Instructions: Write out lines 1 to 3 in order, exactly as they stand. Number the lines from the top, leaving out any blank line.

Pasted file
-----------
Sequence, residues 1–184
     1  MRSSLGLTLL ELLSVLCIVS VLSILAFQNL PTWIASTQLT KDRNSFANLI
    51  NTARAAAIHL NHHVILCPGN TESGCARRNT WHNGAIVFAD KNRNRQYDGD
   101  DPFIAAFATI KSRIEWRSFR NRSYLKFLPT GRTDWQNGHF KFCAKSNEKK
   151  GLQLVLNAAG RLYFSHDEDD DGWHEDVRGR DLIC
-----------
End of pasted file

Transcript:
Sequence, residues 1–184
     1  MRSSLGLTLL ELLSVLCIVS VLSILAFQNL PTWIASTQLT KDRNSFANLI
    51  NTARAAAIHL NHHVILCPGN TESGCARRNT WHNGAIVFAD KNRNRQYDGD